ShortBookandScribes #BookReview – The Lost Man by Jane Harper @janeharperautho @LittleBrownUK #BlogTour #TheLostMan
I’m delighted to be taking part in the epic blog tour for The Lost Man by Jane Harper. My thoughts are below. I’d like to thank Caolinn Douglas from Little, Brown for asking me to be a part of the tour and for providing a copy of the book for review via Netgalley.
He had started to remove his clothes as logic had deserted him, and his skin was cracked. Whatever had been going through Cameron’s mind when he was alive, he didn’t look peaceful in death.
Two brothers meet at the remote border of their vast cattle properties under the unrelenting sun of the outback. In an isolated part of Australia, they are each other’s nearest neighbour, their homes hours apart.
They are at the stockman’s grave, a landmark so old that no one can remember who is buried there. But today, the scant shadow it casts was the last hope for their middle brother, Cameron. The Bright family’s quiet existence is thrown into grief and anguish.
Something had been troubling Cameron. Did he choose to walk to his death? Because if he didn’t, the isolation of the outback leaves few suspects…
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I’ve heard a lot about Jane Harper’s books but this is the first I have read. I’m not sure what I was expecting, probably a crime novel, but The Lost Man is what I would call a domestic drama.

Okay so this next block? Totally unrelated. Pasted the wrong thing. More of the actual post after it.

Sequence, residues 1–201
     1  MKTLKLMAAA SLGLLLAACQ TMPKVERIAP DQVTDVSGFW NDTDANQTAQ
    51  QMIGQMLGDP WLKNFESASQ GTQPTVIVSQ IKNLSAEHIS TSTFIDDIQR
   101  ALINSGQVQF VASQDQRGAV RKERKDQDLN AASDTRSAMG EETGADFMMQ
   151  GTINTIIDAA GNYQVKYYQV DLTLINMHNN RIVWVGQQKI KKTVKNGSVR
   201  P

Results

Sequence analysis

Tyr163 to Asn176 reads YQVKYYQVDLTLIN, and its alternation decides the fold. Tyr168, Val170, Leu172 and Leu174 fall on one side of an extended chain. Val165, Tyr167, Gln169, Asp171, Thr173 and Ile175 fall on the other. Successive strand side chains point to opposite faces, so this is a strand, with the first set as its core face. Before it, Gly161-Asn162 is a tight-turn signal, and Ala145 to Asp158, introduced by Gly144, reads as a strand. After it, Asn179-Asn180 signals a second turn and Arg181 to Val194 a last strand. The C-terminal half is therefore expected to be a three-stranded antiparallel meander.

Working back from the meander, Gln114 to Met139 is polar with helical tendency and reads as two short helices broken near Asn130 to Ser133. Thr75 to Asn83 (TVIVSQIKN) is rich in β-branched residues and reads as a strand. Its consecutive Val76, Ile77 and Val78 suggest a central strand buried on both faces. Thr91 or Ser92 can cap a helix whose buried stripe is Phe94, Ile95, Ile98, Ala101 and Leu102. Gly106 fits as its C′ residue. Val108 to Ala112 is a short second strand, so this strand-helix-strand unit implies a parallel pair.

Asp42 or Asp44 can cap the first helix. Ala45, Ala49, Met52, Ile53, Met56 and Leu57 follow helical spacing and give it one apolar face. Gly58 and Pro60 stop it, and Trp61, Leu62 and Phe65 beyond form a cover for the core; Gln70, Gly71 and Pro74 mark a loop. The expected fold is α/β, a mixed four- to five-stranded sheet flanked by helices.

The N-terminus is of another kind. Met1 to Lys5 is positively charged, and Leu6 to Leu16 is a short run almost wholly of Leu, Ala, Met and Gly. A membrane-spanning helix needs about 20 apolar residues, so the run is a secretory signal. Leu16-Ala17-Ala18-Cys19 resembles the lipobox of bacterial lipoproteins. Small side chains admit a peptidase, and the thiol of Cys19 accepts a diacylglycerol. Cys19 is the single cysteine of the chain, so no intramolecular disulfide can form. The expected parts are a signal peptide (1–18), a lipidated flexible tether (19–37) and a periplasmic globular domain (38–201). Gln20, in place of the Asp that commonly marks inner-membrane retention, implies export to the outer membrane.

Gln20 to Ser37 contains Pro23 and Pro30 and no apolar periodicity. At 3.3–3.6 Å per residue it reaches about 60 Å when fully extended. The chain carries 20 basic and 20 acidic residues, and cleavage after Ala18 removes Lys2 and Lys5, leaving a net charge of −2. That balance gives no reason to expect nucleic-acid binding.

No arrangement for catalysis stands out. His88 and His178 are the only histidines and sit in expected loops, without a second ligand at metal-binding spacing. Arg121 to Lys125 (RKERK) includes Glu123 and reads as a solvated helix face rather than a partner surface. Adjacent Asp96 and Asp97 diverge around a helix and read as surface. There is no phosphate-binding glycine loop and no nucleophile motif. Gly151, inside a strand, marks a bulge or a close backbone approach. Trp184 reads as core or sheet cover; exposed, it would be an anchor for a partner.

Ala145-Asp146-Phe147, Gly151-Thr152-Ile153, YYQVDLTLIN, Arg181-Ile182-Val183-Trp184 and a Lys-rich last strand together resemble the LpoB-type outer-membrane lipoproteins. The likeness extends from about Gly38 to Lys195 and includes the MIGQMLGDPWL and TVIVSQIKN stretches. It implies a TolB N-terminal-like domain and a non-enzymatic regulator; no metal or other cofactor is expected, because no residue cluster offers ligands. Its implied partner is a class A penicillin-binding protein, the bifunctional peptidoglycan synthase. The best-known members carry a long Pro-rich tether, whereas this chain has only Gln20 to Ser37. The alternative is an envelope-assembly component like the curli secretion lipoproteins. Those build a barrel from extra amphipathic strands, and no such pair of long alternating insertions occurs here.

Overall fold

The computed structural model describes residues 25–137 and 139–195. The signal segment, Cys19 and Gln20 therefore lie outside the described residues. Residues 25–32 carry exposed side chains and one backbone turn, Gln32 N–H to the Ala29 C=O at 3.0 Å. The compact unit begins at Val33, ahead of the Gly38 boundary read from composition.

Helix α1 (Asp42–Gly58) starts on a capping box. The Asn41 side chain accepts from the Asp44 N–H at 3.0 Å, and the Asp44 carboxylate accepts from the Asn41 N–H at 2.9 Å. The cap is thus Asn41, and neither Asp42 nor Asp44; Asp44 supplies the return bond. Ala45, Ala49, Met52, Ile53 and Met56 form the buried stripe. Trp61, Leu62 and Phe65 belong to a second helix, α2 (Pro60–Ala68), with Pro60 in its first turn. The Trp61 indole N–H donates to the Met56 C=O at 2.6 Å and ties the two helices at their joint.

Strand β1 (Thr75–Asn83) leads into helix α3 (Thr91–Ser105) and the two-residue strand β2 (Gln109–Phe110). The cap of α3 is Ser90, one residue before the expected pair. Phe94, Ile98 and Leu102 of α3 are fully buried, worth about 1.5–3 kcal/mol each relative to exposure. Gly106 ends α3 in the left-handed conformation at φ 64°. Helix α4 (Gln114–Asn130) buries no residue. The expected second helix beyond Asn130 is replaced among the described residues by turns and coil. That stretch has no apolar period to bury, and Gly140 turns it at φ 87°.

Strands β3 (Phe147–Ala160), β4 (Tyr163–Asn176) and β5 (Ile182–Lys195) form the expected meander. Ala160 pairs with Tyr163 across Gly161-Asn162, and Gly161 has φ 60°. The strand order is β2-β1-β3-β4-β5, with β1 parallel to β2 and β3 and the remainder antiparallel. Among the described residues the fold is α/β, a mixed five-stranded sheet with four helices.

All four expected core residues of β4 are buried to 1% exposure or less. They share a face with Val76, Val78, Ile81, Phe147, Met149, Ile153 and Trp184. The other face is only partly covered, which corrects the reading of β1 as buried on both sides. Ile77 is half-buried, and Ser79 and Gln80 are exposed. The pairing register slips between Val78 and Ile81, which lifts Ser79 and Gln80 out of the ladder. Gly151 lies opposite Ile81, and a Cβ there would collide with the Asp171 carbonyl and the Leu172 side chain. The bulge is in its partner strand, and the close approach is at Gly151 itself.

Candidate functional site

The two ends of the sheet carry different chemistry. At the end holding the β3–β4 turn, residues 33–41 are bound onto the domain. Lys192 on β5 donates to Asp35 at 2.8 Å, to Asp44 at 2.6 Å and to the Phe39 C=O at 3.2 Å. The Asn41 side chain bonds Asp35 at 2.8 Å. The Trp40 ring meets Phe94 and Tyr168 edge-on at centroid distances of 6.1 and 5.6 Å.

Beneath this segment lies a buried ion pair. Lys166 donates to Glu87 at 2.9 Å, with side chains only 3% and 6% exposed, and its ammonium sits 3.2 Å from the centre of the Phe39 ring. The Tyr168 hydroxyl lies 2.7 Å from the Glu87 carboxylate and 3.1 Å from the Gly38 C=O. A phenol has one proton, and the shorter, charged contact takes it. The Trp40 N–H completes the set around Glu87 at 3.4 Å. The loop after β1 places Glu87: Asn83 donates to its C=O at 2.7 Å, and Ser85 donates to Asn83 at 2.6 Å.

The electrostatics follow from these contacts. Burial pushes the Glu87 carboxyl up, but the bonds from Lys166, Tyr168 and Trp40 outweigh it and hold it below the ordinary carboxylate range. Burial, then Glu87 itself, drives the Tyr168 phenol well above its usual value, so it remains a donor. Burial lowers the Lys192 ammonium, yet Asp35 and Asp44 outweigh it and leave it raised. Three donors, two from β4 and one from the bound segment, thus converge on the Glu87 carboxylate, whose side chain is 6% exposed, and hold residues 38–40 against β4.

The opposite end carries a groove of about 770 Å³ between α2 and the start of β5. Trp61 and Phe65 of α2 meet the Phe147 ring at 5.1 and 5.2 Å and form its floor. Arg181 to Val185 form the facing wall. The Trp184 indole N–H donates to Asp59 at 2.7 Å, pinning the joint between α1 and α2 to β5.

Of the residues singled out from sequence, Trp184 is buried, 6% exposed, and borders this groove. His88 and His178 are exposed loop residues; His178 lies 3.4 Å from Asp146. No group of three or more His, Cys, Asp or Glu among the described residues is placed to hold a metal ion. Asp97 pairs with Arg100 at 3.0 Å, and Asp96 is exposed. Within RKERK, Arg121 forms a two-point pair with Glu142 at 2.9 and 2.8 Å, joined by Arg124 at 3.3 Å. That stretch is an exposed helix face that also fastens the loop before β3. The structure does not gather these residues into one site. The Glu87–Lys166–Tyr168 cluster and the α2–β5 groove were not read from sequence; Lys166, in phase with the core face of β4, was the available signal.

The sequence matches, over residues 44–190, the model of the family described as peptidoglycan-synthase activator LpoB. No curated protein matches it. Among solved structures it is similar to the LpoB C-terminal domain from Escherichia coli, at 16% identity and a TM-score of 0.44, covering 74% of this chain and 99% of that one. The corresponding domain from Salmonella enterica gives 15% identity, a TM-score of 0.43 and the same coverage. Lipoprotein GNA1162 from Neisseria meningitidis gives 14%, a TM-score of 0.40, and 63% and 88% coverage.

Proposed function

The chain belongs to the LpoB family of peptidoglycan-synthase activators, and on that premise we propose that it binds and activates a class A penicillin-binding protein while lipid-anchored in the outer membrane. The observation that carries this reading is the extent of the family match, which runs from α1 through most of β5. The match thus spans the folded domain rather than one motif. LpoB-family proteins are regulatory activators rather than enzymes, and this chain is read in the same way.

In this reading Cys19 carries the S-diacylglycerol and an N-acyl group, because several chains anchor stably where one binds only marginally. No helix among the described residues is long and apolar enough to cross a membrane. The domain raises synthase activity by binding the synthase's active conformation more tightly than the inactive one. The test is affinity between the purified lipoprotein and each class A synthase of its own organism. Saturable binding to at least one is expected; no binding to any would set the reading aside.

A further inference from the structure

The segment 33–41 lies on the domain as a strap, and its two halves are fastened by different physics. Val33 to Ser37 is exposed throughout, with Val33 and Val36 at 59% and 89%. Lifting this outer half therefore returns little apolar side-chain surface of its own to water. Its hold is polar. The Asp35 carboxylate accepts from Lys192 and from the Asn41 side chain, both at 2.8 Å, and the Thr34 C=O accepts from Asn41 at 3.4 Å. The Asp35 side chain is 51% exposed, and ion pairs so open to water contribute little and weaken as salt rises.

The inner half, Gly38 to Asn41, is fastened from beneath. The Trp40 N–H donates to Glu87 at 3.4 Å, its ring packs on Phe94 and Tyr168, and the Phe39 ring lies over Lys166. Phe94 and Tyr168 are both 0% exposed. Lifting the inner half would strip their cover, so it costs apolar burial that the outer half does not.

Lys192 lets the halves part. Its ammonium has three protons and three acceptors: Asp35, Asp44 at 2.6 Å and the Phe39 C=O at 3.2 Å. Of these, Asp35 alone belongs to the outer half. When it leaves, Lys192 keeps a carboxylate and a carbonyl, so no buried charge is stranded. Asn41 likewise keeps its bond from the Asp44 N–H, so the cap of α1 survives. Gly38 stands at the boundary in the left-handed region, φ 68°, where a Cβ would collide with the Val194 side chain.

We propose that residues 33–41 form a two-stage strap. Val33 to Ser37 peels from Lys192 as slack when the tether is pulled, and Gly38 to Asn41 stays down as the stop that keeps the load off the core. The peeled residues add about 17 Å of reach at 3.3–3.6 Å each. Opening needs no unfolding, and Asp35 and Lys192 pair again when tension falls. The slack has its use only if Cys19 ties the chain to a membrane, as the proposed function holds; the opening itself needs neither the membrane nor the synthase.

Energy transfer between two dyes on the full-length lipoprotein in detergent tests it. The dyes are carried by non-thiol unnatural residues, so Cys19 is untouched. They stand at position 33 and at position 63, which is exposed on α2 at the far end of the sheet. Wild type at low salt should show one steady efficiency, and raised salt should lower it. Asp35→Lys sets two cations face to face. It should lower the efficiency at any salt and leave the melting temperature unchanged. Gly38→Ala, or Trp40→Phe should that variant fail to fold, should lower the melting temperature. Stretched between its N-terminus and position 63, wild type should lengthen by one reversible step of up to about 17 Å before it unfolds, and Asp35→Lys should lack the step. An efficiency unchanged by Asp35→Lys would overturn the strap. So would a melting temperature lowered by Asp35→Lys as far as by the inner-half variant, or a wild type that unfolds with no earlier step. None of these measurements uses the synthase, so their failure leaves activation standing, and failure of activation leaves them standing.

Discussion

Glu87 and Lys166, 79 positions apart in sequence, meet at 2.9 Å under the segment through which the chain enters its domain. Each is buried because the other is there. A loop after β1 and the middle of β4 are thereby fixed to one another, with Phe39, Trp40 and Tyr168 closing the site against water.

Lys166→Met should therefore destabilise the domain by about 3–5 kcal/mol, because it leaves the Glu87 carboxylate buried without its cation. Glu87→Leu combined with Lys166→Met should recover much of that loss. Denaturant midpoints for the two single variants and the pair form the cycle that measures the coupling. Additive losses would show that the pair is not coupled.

It’s hugely atmospheric, set in the Australian outback in intense heat. I could almost feel the sun beating down, the dust, the arid conditions, the sense of space.
The main character is Nathan Bright, a man who is living a solitary life. His family are as near as they can be, on neighbouring land, but they’re still miles away. One day, his brother, Cameron, is found dead near a local landmark, the stockman’s grave. It’s a puzzling death as nobody who knew the landscape as well as he did would just have wandered off like that.
From that start we then follow the remaining family over the Christmas period as they deal with Cameron’s death, other family matters that come to light, and old grievances which rear their ugly head.
The Lost Man is a story of family relationships, of how the past can affect the future. It’s a slow burner of a read and I mean that in the best possible way. It takes its time to build up, to reveal itself to the reader and even when it does so it does it incrementally. I liked Nathan a lot and I found the ending of the book to work really well from his point of view.
There’s a real sense of mistrust in this book, an underlying tension between all the characters which is impossible for the reader to ignore. It’s quite bleak in many ways, and that seems to fit well with the landscape, for the setting is as much a character as any other.
I enjoyed The Lost Man a lot. It’s an intense and brooding family story which kept my interest all the way through.
Jane Harper is the author of The Dry, winner of various awards including the 2015 Victorian Premier’s Literary Award for an Unpublished Manuscript, the 2017 Indie Award Book of the Year, the 2017 Australian Book Industry Awards Book of the Year Award and the CWA Gold Dagger Award for the best crime novel of 2017. Rights have been sold in 27 territories worldwide, and film rights optioned to Reese Witherspoon and Bruna Papandrea. Jane worked as a print journalist for thirteen years both in Australia and the UK and lives in Melbourne.
Author bio and photo taken from Amazon